CPHHS alum Scott Rueck, ’91, ’92, shared the circuitous journey to his dream job — head coach of OSU women’s basketball — with faculty, master’s and PhD students and their guests at the college’s 2019 hooding ceremony on June 14.
He began by sharing his own experiences as a student, when every game at Gill, lit up by basketball great Gary Payton, was called “The Show.”
He described “living” — and avoiding work — at Dixon Recreation Center, as well as his fond memories of Langton Hall and the Women’s Building, the latter of which he says also terrified him. Rather, it was the thought of visiting Barb Cusimano, former associate professor and head of the Physical Education Teacher Education program whose office was located in the Women’s Building, that terrified him.
“She held my future in her hands. I needed her approval to pursue my goals of being a teacher and coach,” he said. “She seemed magical.”
He cites his perceived shortcomings for his fear. “I was an underperforming, unfocused, undisciplined student weak in organizational skills, which led to guilt and a massive amount of insecurity,” he said. “Barb saved me. She saw something in me I didn’t know I had, and I knew she cared. She made me better. She made me a pro.”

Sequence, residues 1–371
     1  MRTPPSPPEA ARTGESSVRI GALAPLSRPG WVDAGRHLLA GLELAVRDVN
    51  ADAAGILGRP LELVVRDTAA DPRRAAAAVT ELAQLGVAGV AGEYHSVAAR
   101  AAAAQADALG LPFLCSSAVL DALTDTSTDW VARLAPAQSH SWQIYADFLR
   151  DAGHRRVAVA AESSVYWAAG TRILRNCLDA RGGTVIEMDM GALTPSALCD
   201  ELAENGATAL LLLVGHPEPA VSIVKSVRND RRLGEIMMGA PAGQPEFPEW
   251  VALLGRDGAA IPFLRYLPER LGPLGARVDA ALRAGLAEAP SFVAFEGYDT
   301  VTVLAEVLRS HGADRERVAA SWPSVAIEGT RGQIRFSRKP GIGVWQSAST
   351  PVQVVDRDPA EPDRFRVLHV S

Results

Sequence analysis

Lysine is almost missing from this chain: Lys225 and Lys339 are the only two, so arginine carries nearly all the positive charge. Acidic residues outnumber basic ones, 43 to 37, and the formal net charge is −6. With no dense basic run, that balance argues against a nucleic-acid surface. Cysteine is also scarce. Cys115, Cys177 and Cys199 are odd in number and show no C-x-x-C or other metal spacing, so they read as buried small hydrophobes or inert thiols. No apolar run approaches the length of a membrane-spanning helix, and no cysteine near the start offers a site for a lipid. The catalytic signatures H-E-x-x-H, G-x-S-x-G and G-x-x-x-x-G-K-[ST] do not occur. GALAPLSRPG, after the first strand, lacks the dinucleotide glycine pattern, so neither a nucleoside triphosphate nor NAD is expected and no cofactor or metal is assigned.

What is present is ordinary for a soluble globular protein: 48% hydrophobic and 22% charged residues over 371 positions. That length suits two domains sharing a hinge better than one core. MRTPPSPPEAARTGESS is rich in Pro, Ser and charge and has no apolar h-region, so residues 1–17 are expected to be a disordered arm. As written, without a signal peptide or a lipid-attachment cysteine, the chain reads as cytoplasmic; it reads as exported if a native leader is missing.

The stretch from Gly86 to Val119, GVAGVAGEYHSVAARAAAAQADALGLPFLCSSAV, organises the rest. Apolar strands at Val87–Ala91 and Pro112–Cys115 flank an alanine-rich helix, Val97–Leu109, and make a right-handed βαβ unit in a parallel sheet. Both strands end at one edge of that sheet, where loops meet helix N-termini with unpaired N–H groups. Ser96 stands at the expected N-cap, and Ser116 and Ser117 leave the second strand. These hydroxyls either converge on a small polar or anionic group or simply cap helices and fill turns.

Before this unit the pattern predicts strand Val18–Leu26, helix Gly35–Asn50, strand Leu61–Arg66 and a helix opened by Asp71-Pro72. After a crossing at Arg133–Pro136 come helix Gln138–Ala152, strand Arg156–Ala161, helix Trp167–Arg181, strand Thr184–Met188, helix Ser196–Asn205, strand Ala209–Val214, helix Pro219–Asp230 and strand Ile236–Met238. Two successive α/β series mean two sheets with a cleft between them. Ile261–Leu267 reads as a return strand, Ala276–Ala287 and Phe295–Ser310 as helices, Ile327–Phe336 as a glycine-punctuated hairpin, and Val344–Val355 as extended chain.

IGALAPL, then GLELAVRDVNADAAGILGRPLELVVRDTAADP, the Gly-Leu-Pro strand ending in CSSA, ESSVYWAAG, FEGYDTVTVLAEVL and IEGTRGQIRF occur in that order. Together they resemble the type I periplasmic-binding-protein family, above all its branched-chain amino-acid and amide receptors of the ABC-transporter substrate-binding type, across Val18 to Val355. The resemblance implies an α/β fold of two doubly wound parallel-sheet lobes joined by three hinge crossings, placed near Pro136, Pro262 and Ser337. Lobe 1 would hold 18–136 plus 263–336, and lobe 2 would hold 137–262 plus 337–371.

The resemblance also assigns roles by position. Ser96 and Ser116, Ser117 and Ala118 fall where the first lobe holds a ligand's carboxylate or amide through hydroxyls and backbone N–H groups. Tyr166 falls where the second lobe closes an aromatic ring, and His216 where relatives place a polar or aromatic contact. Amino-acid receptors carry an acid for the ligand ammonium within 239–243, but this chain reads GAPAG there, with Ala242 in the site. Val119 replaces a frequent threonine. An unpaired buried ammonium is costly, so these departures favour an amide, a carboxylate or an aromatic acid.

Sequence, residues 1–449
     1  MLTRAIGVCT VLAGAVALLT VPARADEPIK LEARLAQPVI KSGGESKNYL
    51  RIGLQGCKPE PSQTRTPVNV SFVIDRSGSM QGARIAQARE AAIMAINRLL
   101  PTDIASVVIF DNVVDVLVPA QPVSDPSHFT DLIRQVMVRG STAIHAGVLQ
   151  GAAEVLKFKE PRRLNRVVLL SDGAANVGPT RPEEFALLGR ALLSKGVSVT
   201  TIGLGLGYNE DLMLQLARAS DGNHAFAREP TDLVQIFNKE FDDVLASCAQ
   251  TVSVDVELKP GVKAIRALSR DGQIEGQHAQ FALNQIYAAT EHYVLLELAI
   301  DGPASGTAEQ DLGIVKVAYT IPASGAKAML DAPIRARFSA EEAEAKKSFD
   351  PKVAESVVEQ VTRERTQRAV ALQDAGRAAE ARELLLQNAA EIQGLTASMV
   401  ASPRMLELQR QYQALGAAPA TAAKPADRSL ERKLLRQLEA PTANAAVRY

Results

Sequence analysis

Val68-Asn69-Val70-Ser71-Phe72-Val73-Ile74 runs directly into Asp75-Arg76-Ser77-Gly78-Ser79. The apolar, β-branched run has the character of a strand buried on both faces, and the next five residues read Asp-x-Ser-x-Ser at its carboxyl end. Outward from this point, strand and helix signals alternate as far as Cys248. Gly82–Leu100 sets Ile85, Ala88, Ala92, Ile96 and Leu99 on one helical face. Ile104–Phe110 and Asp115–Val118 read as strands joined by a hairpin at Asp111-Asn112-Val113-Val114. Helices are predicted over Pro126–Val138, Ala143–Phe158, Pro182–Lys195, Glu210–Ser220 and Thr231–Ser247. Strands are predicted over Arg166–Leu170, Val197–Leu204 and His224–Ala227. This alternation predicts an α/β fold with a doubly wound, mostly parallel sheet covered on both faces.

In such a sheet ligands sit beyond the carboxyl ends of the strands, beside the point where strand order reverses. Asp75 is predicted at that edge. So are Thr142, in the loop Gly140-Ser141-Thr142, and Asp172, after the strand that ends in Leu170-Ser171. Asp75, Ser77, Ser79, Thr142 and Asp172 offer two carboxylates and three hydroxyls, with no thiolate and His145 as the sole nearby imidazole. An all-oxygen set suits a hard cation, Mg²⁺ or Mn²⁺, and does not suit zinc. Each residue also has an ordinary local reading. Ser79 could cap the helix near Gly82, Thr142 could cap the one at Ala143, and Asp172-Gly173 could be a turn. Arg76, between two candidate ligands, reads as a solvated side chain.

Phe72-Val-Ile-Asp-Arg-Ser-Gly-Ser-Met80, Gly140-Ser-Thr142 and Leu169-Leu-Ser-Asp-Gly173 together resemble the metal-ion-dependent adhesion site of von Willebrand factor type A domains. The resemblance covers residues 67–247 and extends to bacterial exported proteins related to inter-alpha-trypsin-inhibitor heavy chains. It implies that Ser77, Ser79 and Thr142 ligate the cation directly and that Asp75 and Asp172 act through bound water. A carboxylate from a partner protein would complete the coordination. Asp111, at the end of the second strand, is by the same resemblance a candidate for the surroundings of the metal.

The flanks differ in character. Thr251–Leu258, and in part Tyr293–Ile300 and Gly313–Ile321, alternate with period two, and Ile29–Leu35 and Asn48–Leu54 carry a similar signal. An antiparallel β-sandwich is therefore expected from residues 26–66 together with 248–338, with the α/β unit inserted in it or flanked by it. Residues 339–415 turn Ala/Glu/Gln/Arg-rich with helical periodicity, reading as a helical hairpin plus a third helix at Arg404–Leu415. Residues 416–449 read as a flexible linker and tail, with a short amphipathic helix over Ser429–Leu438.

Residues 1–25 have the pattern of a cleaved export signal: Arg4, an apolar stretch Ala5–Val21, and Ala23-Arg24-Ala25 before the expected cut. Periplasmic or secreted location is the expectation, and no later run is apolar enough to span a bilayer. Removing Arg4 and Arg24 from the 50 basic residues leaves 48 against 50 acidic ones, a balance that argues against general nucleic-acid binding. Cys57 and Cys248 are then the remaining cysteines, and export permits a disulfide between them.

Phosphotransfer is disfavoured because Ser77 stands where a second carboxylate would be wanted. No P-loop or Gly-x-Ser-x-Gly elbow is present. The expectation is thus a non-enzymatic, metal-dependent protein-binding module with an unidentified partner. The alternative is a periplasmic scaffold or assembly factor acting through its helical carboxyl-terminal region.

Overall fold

Mentors, he told graduates, are vital and humbling. “They teach you the way when you think you already know.”
He credits Barb, who had a front-row seat during his address, with his professional success.
“When I graduated, I felt I could do anything.” Most importantly, he learned he could expect more from himself. “That was the magic.”
“Look where I’m standing,” he said with a laugh. “This is funny, actually. I’m here all because someone invested in me and believed in me. You’re listening to a 5’4″ male who’s a Pac-12 women’s basketball coach. I don’t see limits.”
Scott stands out as much for his success as he does his height. In 2010, he was named the fifth head coach in OSU women’s basketball history and is credited with the program’s accelerated turnaround. In addition to numerous other successes, he led the Beavers to the NCAA Tournament for six straight seasons, a first in the program’s history.
His achievements, his ability to bring out the best in others and his personal grit are a credit to mentors like Barb and to Oregon State.
“We are a relationship-based university,” he said. “People know there’s something different here. We put people first.”
He left graduates with these important lessons:
- Adversity is coming. It’s inevitable; welcome it. It’s a gift if viewed correctly.
- Love where you are.
- Character and competence matter.
- Do what you say you will, and be the person others can count on. We’re all looking for that person.
- Winning is shallow if you don’t have somebody beside you.